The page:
Investments in Coverdell Accounts

Rules for investments in a Coverdell education savings account.

You can make just about any kind of investment in a Coverdell account. That’s one of the great advantages of a Coverdell account over a 529 account. You have your choice of just about any mutual fund, or you can invest in individual stocks and bonds if you prefer. You can change investments as often as you like, and move the entire account to a different provider.

Use this freedom wisely. Avoid overly risky investments that can wipe out your child’s college savings, and avoid incurring excessive costs from frequent trading or from mutual funds that incur high expenses. If you lack experience in making these choices, seek help from a qualified (and unbiased) financial advisor.

Prohibited Transactions

While you have a great deal of freedom concerning investments for Coverdell accounts, there are some things you are not allowed to do:

  • You can’t commingle assets. In other words, you can’t mix them together with other assets so you can’t tell who owns what. At any given time, a Coverdell account can have only one beneficiary.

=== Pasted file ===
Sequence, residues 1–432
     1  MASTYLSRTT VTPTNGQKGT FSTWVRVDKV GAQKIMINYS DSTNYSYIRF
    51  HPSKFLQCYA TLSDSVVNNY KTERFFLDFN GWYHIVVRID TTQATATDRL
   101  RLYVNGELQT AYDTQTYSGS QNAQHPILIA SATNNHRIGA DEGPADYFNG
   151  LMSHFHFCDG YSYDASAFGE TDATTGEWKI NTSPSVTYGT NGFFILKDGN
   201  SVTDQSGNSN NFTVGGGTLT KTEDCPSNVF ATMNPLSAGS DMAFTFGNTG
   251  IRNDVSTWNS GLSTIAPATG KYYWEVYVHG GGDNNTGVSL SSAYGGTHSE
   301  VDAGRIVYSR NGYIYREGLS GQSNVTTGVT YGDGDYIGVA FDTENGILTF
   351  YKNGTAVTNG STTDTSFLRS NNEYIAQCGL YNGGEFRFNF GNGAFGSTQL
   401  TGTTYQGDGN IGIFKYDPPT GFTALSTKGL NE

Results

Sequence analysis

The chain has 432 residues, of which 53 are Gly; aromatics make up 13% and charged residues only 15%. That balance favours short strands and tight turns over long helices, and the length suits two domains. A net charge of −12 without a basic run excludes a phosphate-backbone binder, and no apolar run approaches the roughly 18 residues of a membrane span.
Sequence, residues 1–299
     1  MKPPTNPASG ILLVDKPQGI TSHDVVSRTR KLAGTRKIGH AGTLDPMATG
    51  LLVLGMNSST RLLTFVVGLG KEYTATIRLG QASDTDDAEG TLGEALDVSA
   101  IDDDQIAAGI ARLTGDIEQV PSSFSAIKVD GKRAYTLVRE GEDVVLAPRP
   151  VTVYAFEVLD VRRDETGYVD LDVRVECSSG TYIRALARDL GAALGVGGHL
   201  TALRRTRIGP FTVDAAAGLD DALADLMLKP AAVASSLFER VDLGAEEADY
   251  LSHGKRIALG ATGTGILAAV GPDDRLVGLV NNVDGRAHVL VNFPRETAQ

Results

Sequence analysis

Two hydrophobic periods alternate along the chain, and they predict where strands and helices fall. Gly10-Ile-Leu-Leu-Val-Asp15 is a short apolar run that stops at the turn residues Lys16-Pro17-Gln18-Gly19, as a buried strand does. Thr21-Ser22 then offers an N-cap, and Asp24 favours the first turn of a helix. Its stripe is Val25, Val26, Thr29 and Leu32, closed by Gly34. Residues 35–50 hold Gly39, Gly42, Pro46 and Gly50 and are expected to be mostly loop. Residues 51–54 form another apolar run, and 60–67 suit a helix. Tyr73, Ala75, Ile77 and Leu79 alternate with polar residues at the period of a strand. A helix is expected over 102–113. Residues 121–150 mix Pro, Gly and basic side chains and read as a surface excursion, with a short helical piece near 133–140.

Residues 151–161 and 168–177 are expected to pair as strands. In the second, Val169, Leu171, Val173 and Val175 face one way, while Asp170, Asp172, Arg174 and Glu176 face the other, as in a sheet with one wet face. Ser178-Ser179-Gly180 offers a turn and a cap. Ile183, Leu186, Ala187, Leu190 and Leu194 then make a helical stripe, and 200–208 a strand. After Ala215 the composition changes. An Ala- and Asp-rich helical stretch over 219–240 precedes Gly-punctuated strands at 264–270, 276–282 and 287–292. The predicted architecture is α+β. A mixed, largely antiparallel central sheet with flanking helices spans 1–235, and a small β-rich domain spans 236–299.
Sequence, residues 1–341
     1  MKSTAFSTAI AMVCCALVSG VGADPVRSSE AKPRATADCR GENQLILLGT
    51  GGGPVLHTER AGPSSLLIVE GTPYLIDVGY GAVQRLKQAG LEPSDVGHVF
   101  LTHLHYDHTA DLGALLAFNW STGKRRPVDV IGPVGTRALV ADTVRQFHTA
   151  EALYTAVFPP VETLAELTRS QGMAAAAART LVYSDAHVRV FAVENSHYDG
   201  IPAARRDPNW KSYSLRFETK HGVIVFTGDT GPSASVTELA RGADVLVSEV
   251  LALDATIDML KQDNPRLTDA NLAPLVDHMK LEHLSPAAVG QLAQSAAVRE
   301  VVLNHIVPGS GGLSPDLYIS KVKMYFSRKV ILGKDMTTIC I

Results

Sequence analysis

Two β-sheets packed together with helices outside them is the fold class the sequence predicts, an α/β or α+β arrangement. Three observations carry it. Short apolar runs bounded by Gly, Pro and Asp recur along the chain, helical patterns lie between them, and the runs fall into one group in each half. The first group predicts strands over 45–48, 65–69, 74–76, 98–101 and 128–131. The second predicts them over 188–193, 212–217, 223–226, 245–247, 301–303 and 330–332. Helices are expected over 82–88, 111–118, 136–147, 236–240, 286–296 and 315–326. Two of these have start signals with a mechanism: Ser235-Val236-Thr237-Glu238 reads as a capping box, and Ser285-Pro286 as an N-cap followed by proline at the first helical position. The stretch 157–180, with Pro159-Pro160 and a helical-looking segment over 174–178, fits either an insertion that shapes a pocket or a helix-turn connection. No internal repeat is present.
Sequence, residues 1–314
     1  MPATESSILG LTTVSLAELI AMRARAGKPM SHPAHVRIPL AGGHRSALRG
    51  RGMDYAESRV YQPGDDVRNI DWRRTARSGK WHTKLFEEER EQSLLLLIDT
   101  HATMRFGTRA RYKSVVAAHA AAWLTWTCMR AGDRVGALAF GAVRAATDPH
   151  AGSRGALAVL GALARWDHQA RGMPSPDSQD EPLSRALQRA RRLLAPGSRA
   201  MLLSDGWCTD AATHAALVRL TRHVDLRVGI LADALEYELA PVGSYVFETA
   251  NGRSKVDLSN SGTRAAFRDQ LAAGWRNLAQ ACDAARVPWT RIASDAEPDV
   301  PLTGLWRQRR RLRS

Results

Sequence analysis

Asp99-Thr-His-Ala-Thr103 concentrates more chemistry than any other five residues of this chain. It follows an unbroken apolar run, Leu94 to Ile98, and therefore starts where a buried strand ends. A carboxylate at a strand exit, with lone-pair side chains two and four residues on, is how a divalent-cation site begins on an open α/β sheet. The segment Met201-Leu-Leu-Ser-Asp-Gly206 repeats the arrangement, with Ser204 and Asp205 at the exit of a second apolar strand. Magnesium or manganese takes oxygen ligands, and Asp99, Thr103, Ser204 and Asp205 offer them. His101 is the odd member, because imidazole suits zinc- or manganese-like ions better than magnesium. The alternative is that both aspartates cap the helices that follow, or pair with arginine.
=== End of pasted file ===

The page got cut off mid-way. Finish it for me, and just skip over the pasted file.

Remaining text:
• You can’t have any transactions with the Coverdell account (such as selling something to it or buying something from it) or invest in something that relates directly to you or the beneficiary (such as your own home or your own business).
  • You can’t borrow from the Coverdell account.

Where to Invest

A Coverdell account has to be established with a financial institution such as a bank, mutual fund company or stockbroker. That means you may have difficulty finding a provider that will accept the account if you want to do something exotic, like investing in a partnership. That’s probably just as well, because unconventional investments generally aren’t suitable for Coverdell accounts even if they’re permitted.

Who’s in Charge

The person who sets up the Coverdell account controls how the funds are initially invested. From that point forward, the responsible individual controls the investments. (This can be the same person if a parent sets up the account and names himself or herself as the responsible individual.) You can change the investments as often as you like provided that you don’t do more than one rollover per year.

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